With more than a third of American voters telling pollsters that they don’t yet know enough about Republican vice-presidential candidate Paul Ryan to have an opinion of him, the race to define the Republican congressman is fully joined.
Democrats clearly want to paint Ryan as an unbending ideologue who refuses to compromise and is unwilling to work with his opponents. Already Obama campaign adviser David Axelrod has taken to calling Ryan a “right-wing ideologue” and “quite extreme.” President Obama himself refers to Ryan as “the ideological leader of Republicans in Congress.”
It’s impossible to deny that there has been an ideological component to Ryan’s career in Washington. He has been an articulate spokesman for the idea of smaller, less costly government, and he is perhaps Congress’s best-known advocate of entitlement reform. There is no doubt that in his heart he prefers markets to government control.
But any effort to paint him as an inflexible ideologue runs up against his demonstrable tendency toward pragmatism.
Throughout his time in Washington, Ryan has been the classic “half a loaf” type of conservative. Time and again, he has shown that he is willing to compromise and take far less than he had originally sought, as long as he is moving incrementally in the direction he wants to go. You won’t find Ryan on the short end of any 434-to-1 votes.
Any effort to paint him as an inflexible ideologue runs up against his demonstrable tendency toward pragmatism.
Take, for example, the infamous “Ryan budget.” Yes, it cuts spending and reforms Medicare — though not Social Security — but it was far from the most fiscally conservative budget offered by Republicans this year. Just compare Ryan’s budget with the one proposed by Senator Rand Paul (R., Ky). Ryan’s budget takes 30 years to reach balance. Paul’s would have balanced the budget in five years. Ryan would cut government spending by $4.1 trillion over ten years. Paul would have cut spending an additional $4 trillion over that period. Ryan’s budget didn’t touch Social Security. Paul’s would have raised Social Security’s retirement age and means-tested the program. Now, that is a fiscally conservative budget.
In fact, Senators Jim DeMint (R., S.C.) and Pat Toomey (R., Pa.) also offered budget proposals that cut spending more than Ryan’s budget did. Ryan was willing to push the envelope on spending cuts, but only as far as he could while still getting the votes of moderate as well as conservative Republicans. Yes, his budget is conservative, but it is hardly radical.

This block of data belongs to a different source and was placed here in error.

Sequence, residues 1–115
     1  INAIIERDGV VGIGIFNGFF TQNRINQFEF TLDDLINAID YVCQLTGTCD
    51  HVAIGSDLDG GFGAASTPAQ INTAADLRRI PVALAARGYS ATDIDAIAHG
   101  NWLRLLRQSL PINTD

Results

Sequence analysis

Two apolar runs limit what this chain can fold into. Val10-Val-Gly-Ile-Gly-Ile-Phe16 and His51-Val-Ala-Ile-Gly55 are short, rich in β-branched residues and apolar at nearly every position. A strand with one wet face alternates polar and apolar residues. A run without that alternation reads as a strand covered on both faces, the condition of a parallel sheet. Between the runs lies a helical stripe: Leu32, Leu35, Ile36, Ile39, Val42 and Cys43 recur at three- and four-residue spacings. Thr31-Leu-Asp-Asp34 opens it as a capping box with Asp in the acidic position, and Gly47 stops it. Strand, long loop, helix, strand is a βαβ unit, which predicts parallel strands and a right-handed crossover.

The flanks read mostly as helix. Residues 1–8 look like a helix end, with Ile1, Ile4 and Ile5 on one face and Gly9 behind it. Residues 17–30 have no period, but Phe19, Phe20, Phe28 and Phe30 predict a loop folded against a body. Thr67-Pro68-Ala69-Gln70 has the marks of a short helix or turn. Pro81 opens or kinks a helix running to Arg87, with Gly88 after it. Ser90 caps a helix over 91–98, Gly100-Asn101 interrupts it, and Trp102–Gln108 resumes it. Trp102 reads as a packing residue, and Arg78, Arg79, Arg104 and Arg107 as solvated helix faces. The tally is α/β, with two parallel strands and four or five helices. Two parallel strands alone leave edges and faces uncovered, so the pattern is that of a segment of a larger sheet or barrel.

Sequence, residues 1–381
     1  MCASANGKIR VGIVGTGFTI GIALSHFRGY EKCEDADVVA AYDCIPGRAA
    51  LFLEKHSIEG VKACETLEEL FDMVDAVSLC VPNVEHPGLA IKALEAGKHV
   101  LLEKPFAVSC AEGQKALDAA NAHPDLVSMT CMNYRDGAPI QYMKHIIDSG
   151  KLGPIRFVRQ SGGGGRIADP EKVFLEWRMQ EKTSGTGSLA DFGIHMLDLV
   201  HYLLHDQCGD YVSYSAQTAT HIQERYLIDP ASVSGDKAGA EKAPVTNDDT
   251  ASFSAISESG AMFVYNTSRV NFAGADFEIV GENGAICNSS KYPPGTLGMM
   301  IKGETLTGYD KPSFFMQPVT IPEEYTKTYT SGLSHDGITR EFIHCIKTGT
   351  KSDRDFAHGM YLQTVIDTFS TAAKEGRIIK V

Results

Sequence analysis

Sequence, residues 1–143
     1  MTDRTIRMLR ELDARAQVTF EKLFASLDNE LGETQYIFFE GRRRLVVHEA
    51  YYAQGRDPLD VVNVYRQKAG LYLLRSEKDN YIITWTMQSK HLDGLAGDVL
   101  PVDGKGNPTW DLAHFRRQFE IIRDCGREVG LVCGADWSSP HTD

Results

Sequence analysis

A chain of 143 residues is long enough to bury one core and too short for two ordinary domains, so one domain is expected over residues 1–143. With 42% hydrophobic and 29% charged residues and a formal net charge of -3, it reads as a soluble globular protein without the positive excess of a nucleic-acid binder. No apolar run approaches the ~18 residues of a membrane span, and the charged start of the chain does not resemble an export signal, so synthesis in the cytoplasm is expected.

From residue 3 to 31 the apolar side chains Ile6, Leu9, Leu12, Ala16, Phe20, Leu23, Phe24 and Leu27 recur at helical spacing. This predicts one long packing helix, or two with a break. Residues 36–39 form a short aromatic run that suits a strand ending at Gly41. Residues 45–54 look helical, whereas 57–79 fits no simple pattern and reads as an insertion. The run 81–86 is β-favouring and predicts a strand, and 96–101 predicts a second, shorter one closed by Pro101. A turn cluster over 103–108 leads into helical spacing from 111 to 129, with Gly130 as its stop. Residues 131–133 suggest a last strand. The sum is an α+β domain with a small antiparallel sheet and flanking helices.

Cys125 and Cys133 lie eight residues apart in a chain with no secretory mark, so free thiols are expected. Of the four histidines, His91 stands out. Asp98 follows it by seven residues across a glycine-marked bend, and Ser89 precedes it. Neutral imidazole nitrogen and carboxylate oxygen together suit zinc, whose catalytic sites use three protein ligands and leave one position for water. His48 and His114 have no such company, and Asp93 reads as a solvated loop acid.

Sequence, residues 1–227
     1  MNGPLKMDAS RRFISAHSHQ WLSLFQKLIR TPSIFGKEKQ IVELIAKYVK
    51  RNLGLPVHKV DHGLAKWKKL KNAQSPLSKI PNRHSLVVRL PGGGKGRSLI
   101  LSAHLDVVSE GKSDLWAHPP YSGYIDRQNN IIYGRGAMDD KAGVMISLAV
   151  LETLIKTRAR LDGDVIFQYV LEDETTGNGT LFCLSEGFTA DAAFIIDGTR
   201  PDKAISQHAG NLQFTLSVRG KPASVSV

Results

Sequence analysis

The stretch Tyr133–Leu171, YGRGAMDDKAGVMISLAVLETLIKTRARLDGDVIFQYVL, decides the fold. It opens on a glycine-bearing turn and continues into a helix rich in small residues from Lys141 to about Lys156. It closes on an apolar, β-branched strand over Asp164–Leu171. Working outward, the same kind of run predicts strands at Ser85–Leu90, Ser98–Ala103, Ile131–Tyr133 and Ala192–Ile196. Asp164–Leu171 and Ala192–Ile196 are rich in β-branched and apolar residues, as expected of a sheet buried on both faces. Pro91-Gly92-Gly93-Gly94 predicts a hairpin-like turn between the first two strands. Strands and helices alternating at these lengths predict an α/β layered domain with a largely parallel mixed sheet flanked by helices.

According to the National Journal, Ryan works with Democrats about as often as any Republican does. Most famously, he collaborated with liberal senator Ron Wyden (D., Ore.) to develop the latest iteration of his Medicare reform plan. In fact, the evolution of Ryan’s Medicare plan shows both the promise and the perils of his pragmatism.
Ryan’s first Medicare reform plan was fairly accurately described as a voucher program: Seniors would each receive a support payment roughly based on the current per-capita amount of Medicare spending. Wealthy seniors would receive somewhat less, poor and sicker seniors somewhat more. The Ryan-Wyden plan, on the other hand, abandons the voucher concept in favor of a pure premium-support model.
Similarly, Ryan’s initial plan would have moved all future seniors who are younger than 55 today into the new private-insurance system, and traditional Medicare would be eliminated for new recipients. However, by the time he launched the second iteration of his plan, he had agreed to retain traditional Medicare as an option; seniors would be free to choose between the traditional program and the premium-support model.
Ryan also gradually agreed to loosen his proposal’s cap on overall Medicare spending. In his original plan, Medicare spending would not be allowed to grow any faster than the overall economy. In Ryan-Wyden, the cap is GDP growth plus a full percentage point. At the same time, the burden for exceeding growth caps has shifted from seniors themselves, who would have been required to pay more out of pocket under the original Roadmap for America’s Future, to providers, who will have their reimbursements reduced under Ryan-Wyden.
The budget passed by the House this year was in some ways closer to Ryan’s original Medicare proposal than to the Ryan-Wyden plan. But Ryan has clearly shown that he is willing to water down his ideas if doing so garners Democratic support.
The downside of Ryan’s pragmatism is that each change has weakened his proposal. His original proposal would have reduced Medicare spending by far more than Ryan-Wyden. Given that even the most optimistic scenarios show Medicare running $38 trillion in the red, Ryan’s retreat is not a step in the right direction.
Still, it might have been justified if Ryan’s willingness to compromise had attracted substantial Democratic support. But, in the end, it was the Democrats who refused to budge. Senator Wyden was the only Democrat to join with Ryan, and even he later backed away from his support under pressure from his caucus.
Ryan’s pragmatic streak has also led him to cast many votes that seem to contradict his reputation as a budget hawk. Ryan would no doubt say that he won important concessions in exchange for those votes — for instance, getting health savings accounts included in the Medicare prescription-drug bill — or that the alternatives were worse. But any way you look at it, those votes hardly make Ryan an inflexible budget cutter.
All of this means that Ryan is not really the government-slashing savior envisioned by some conservatives. It also means that he is not the ideological hard-liner portrayed by some liberals. He is, in fact, likely to disappoint his conservative backers on occasion. But he may also be able to work across party lines to really change the disastrous course we are now on.